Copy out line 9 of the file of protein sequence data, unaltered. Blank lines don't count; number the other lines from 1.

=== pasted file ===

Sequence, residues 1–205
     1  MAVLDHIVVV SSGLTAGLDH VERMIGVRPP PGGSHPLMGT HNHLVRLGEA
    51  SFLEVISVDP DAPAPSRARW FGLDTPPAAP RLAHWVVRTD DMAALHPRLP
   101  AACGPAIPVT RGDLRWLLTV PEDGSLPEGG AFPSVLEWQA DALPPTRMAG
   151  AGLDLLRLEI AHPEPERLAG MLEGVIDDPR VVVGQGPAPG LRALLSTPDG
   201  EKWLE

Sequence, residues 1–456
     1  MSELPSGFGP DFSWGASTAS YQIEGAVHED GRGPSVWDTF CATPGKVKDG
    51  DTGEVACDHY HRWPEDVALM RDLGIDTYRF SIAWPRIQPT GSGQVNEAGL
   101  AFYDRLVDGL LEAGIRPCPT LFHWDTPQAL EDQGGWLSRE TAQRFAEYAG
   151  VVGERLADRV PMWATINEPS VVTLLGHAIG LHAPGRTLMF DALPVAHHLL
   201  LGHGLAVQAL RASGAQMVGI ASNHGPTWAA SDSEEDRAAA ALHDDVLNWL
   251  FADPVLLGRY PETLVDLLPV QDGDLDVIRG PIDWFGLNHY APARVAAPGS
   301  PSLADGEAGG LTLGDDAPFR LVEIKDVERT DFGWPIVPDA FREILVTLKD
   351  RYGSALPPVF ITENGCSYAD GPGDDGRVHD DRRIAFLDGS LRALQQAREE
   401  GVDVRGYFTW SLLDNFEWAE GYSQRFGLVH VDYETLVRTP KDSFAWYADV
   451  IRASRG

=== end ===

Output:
    51  DTGEVACDHY HRWPEDVALM RDLGIDTYRF SIAWPRIQPT GSGQVNEAGL